Welcome to IgProf, the Ignominous Profiler. IgProf is a simple nice tool for measuring and analysing application memory and performance characteristics. IgProf requires no changes to the application or the build process. It currently works on Linux (
x86_64). Eons ago it worked also on Mac OS X (
IgProf is fast, light weight and correctly handles dynamically loaded shared libraries, threads and sub-processes started by the application. We have used it routinely with large C++ applications consisting of many hundreds of shared libraries and thousands of symbols from millions of source lines of code. It requires no special privileges to run. The performance reports provide full navigable call stacks and can be customised by applying filters. Results from any number of profiling runs can be included. This means you can both dig into the details and see the big picture from combined workloads.
IgProf can be run in one of three modes: as a performance profiler, as a memory profiler, or in instrumentation mode. When used as a performance profiler it provides statistical sampling based performance profiles of the application. When used as a memory profiler information about both memory leaks and the total dynamic memory allocations are available. It can also be used to obtain a profile the live memory allocations in the heap at any given instant during the application run, although this requires a small code modification to signal from within your application the appropriate time to obtain the profile. For both profiling modes, one can produce either simple ASCII flat file or web-navigable reports. A complete performance and memory use picture can be obtained by running your application twice, once in each profiling mode. When run in instrumentation mode igprof can be used to precisely measure the time spent in a given function with the precision of a few ns.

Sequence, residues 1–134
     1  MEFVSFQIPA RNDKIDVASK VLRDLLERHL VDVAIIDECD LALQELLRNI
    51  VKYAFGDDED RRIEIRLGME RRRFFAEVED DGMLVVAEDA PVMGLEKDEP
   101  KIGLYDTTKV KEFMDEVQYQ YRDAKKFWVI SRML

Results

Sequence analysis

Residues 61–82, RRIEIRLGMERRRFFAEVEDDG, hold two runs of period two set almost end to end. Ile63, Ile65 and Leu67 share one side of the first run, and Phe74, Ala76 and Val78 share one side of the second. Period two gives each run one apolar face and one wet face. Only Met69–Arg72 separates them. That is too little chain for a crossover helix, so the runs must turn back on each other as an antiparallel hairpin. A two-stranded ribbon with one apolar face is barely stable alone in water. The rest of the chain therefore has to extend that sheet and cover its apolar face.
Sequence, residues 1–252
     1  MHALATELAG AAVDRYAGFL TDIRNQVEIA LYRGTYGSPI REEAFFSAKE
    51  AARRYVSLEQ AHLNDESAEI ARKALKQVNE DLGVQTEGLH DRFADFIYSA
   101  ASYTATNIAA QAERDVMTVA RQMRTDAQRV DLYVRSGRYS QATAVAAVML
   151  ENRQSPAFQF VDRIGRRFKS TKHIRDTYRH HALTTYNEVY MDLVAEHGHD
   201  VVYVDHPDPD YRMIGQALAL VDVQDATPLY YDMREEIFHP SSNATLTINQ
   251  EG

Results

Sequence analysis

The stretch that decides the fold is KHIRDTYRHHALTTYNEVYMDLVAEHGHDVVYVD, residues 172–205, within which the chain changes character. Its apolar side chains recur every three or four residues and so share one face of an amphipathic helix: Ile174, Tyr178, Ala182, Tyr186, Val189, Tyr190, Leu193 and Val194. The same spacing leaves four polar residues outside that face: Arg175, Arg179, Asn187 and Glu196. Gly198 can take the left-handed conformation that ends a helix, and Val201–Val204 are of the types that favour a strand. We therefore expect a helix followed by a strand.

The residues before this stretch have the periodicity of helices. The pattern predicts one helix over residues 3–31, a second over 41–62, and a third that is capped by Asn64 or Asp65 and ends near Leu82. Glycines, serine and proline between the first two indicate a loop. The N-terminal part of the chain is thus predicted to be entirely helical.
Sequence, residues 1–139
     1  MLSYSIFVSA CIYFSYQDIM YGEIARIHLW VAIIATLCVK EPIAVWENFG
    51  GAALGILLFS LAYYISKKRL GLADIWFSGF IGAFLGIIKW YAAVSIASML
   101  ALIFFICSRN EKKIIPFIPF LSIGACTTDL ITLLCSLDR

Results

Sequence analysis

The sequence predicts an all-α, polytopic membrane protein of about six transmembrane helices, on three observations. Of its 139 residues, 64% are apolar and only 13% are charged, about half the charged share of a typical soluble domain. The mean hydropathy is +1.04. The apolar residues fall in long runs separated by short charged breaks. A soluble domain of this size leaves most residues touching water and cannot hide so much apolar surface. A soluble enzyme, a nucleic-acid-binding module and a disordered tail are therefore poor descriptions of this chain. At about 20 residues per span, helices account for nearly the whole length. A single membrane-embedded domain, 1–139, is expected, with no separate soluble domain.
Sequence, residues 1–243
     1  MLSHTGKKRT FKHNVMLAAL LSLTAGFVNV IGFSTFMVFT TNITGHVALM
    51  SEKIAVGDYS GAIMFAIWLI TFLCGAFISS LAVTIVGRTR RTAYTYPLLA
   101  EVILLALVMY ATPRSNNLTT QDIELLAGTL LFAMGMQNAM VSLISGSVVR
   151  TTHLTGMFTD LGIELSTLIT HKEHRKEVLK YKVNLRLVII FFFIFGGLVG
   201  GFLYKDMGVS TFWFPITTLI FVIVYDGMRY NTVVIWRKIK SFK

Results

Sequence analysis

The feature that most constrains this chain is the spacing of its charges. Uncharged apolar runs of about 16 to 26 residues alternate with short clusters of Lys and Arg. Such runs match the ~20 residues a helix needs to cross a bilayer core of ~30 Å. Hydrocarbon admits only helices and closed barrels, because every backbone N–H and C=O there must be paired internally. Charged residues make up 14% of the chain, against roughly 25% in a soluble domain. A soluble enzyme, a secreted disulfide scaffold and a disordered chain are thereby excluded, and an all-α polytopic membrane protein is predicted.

The performance profiling adds negligibly to application run time and typically adds less than 50MB to the memory usage. The memory profiling overhead depends heavily on the application’s memory allocation patterns: the smaller allocations and the higher the rate, the more overhead. A fairly typical example from our own applications, running on 64-bit Scientific Linux 5, loading some 600 shared libraries, using 1 GB memory and allocating at roughly a million allocations per second rate (averaged over an hour or so), the run time overhead is ~250% and the memory use increased by ~1 GB. On 32-bit Linux the overhead is much less, about ~50% increase in run time, in some cases as little as 15%. Usually IgProf is considerably faster than valgrind or callgrind for the job.
Profiling is a craft art, and profilers are just tools. The best undestanding of your application is usually achieved by correlating a number of profiling result coming from different profilers and QA tools. If developing on a Mac OS X is an option, even if you otherwise develop on Linux, consider using Instruments. For very precise but much more expensive profiling you can use callgrind and valgrind. If you want to get more down-to-the-metal information OProfile, Linux perfctr, PAPI or perfmon2 are other statistical profilers that use CPU performance counters; they however require system privileges and kernel instrumentation.